A Southwest Airlines flight from Chicago to Newark had to be diverted to Cleveland Wednesday morning after one of the plane's passenger windows cracked.
The startling incident aboard Flight 957 came a little more than two weeks after a woman was killed aboard Southwest Flight 1380 when an engine blew and shattered a window, partially sucking the passenger through the window and forcing the crew to make an emergency landing at Philadelphia International Airport.
No injuries were reported after Flight 957 landed safely at Cleveland-Hopkins International Airport on Wednesday.
Dallas-based Southwest said the plane — en route from Chicago's Midway Airport to Newark Liberty International Airport — diverted to Cleveland for "a maintenance review" after the outer pane of a multi-layer window cracked.
Photos posted on social media showed a large, jagged crack in a window over a wing.
The cause of the crack is under investigation. Southwest said the plane did not lose pressure, as happened in Flight 1380, and the diversion to Cleveland was classified as an "unscheduled stop" and not an emergency landing.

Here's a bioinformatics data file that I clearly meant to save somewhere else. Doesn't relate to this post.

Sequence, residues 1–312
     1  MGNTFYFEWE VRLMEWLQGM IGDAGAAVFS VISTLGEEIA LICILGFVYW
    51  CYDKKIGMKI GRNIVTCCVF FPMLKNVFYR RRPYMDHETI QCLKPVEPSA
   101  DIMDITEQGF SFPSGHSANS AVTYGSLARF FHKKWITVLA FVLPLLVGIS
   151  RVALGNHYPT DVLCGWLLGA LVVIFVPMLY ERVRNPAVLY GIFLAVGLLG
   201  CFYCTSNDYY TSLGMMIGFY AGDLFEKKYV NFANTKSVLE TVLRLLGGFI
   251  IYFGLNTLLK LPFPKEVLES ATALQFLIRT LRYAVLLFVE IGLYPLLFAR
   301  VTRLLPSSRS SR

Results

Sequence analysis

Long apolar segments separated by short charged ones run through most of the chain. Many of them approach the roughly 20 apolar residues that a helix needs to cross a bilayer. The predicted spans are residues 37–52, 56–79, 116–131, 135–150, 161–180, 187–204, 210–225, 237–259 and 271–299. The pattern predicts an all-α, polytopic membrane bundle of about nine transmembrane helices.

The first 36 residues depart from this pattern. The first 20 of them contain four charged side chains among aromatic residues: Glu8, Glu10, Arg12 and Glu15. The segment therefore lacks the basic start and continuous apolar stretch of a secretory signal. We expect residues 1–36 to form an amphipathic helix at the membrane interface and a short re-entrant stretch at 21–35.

The timing of the incident could hardly be worse for Southwest, the nation's fourth-biggest airline and the No. 2 operator at Philadelphia International Airport. Last week, Southwest executives said ticket sales had slowed since the deadly April 17 engine failure aboard Flight 1380.
Bank executive Jennifer Riordan, 43, of Albuquerque, was killed when she was nearly sucked out of the plane. They estimated the sales drop cost the airline between $50 million and $100 million.
After the Philadelphia emergency landing, the Federal Aviation Administration ordered inspections of more jet engines like the one that blew apart at 32,000 feet on that Boeing 737 jet. The National Transportation Safety Board has said it believes one of the blades snapped on the Southwest flight, hurling debris that broke a window.
The Cleveland landing also came a day after the crew of Southwest Flight 1380 was honored at the White House for its handling of the emergency.
All of Southwest's jets are variants of the Boeing 737.